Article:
Manatee County’s affordable housing stock is dreadful, to put it somewhat mildly, but that state of affairs is nothing new. Unaffordable housing — and segregation — are apt descriptions of the marketplace for renters hoping to find a place that will not drain their resources.
Home purchases remain a dream for the working poor as prices continue to rebound sharply from the Great Recession. The median sales price for a single-family home rose to $285,000 in June — up 12.4 percent from last June. For condos, the price increased by 11.6 percent to $173,000. And inventory is low. Manatee County is a popular place to live. Renters and prospective home buyers with little income have been left out in the cold.
When the family services manager for Manatee County Habitat for Humanity calls current rental units “absolutely deplorable” and discrimination against potential tenants rampant, that should be a call to action for this community. Didi Hager, that Habitat executive, put another emphatic description on this situation, saying, “In my estimation, it is criminal what these landlords are charging for the places that are falling down around them.”
Imagine being so desperate for a roof over your family that you become captive to a what amounts to a slum lord, like Hager describes. Imagine paying around $900 a month for tenement housing without a functioning refrigerator or air conditioner and mold in the shower, as Hager told Herald reporter Claire Aronson for an eye-opening article last Sunday.
‘Land of opportunity’ nonexistent for too many Americans
Market conditions favor landlords by far. Tenants forced to pay that $900 a month have little choice if they want shelter. Those people, Hager noted, “don’t qualify for a conventional mortgage and they are just exploited by landlords that know they have to have a place to live and can charge whatever they want to charge.”
This so-called land of opportunity puts the disadvantaged at the mercy of the advantaged. In this rental situation here in Manatee County, that is criminal. A harsh description indeed but one all too familiar with the homeless, left to sleep in cars, on the floors of friends’ dwellings, out in the woods, anywhere and everywhere.
Developers should not be held responsible for this situation. Some try to build affordable housing, but even the lowest prices are out of the range of many working poor. Builders must recoup construction expenses else they go bankrupt. The argument that “wealthy” developers can afford to take a loss on affordable housing in order to serve a higher purpose — humanitarianism and the community — makes a strong point, but business is not in business to give away product.
But one is. Harvey Vengroff of Sarasota. The wealthy philanthropist purchased an old motel in Bradenton to convert into affordable rental units. And he moved quickly after closing on the 240-room Knights Inn a month ago. The First Street property offers furnished apartments for only $625 a month (which generously includes water, electricity, cable and internet), and more than 10 rooms are already occupied. Vengroff, who paid $4.4 million for the motel and then pumped $1.5 million into renovations, also plans to build apartments on the adjacent five acres. This is not the first venture into affordable housing for the businessman, who has also converted motels in Sarasota County. Kudos to Vengroff for his dedication to providing affordable housing — and requiring tenants to hold jobs.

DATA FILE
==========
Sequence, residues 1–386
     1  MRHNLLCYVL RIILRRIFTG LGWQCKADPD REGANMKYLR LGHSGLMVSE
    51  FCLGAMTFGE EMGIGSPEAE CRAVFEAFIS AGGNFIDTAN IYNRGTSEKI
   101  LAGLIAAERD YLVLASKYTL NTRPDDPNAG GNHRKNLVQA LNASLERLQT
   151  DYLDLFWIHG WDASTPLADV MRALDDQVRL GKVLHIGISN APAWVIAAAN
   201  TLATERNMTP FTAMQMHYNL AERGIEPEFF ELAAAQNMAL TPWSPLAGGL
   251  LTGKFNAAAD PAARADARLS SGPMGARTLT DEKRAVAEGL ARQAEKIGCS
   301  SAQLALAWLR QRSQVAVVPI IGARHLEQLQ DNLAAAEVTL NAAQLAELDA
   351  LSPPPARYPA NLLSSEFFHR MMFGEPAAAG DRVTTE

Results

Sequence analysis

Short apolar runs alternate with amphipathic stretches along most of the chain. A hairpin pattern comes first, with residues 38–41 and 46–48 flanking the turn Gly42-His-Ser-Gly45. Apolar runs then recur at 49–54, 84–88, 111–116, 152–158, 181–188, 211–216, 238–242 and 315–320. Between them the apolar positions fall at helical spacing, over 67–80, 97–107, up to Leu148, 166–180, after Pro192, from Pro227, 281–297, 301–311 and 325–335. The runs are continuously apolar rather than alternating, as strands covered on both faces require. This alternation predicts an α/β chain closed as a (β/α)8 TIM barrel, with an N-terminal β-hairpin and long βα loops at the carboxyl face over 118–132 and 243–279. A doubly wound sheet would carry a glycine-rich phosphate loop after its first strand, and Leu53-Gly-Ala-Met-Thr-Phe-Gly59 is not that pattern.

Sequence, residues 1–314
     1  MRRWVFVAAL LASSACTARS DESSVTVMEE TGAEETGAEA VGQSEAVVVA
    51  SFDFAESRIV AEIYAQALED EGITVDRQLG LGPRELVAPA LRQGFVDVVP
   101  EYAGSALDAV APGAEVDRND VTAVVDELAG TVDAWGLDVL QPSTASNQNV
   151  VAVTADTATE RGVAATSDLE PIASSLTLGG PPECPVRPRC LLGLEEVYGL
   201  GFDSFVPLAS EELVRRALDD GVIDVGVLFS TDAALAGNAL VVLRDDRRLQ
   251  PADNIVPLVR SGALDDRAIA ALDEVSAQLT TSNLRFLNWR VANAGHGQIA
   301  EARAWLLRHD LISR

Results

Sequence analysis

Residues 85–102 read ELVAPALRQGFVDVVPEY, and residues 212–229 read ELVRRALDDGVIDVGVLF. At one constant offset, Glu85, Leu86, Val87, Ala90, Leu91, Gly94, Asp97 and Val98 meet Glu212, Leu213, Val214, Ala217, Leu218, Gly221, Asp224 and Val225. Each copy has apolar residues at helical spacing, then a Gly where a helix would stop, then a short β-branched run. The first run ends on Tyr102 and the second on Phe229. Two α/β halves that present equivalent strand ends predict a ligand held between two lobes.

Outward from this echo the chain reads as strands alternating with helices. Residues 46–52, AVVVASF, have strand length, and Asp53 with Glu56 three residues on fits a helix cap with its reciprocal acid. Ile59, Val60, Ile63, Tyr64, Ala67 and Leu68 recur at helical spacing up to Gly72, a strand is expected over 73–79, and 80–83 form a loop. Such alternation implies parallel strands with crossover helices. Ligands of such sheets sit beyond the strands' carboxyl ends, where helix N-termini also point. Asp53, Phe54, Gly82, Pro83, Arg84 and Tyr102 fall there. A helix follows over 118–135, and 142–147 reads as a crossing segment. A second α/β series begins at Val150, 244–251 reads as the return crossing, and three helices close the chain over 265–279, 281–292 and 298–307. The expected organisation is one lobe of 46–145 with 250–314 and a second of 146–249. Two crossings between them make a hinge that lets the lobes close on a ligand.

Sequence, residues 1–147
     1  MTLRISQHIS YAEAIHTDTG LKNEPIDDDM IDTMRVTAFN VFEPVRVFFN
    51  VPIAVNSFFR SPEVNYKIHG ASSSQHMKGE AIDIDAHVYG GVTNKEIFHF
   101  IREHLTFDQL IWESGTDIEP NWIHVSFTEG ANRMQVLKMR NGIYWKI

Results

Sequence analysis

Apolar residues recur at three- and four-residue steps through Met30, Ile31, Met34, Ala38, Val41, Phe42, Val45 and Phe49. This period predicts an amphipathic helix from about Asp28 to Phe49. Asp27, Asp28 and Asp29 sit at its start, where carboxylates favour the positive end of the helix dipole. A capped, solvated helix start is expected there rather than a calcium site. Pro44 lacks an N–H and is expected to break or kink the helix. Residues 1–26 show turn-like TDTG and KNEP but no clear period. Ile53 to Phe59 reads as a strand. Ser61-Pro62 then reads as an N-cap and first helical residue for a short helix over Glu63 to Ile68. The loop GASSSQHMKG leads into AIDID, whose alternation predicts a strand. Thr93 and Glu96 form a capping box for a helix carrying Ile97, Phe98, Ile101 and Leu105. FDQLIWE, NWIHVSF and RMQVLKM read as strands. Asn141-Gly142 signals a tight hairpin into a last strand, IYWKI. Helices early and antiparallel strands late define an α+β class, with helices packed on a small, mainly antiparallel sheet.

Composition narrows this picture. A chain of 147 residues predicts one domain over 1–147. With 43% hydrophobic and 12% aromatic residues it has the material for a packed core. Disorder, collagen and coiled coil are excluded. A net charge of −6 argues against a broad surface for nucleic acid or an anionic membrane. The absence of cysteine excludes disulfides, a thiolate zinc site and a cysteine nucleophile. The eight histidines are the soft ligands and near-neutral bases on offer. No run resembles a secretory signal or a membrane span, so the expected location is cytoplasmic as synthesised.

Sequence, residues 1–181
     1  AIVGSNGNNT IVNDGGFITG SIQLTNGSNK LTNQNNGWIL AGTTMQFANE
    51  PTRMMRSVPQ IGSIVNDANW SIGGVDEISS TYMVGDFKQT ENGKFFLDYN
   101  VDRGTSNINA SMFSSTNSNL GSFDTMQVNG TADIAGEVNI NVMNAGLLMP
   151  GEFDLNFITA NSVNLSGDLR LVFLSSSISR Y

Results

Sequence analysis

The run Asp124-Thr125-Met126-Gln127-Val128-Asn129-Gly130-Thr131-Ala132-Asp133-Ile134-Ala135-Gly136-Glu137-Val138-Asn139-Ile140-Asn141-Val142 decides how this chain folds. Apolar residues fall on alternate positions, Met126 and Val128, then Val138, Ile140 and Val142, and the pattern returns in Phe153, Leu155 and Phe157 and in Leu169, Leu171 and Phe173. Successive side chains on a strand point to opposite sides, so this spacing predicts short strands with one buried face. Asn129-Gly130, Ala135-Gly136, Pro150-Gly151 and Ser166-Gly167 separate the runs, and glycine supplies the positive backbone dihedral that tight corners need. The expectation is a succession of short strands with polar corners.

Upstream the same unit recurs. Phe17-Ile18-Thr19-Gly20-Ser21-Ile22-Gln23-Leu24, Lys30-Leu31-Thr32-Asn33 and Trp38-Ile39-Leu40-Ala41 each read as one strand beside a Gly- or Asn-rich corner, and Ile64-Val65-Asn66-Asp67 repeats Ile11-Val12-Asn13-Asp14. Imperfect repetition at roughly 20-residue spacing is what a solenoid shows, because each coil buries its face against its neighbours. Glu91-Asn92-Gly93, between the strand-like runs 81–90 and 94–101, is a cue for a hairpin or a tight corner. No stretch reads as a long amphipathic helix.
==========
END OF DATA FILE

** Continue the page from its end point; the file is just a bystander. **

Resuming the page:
Jail, not incarceration, could be another part of the solution
While Manatee County government is not in the real estate business, civil servants could soon become landlords, too. How so? By putting people in the Old Jail in downtown Bradenton. The county hopes to entice a developer into converting the vacant six-story building into affordable workforce housing with some commercial and retail spots on the lower floors. This would be a triple win for downtown, by placing residents in a desirable area who will frequent the enterprises nearby and by putting a empty building back on the tax rolls. The county seeks a long-term lease with application proposals due Sept. 15.
Affordability is one part of the problem. Segregation is the other. The executive director of the city’s nonprofit organization that serves the homeless, Turning Points at the Bill Galvano One Stop Center, cited discrimination as a key barrier to renting. Of landlords, Adell Erozer told Aronson, “They can pretty much cheery-pick who they want. While it might not look like discrimination, they are going to choose that person that will give them the greatest return.”
While that is an entirely different aspect of the affordable housing crunch, its impact on families and individuals is repugnant and fair housing advocates are poised to attack the problem through public education for both landlords and tenants. Manatee County should add some muscle to its 2010 Fair Housing Plan, which still lacks money to enforce its provisions. What good is a weapon to combat segregation that lacks ammunition?
Affordable housing for one and all should be a very high priority — especially in a county dependent on service workers who are paid poorly.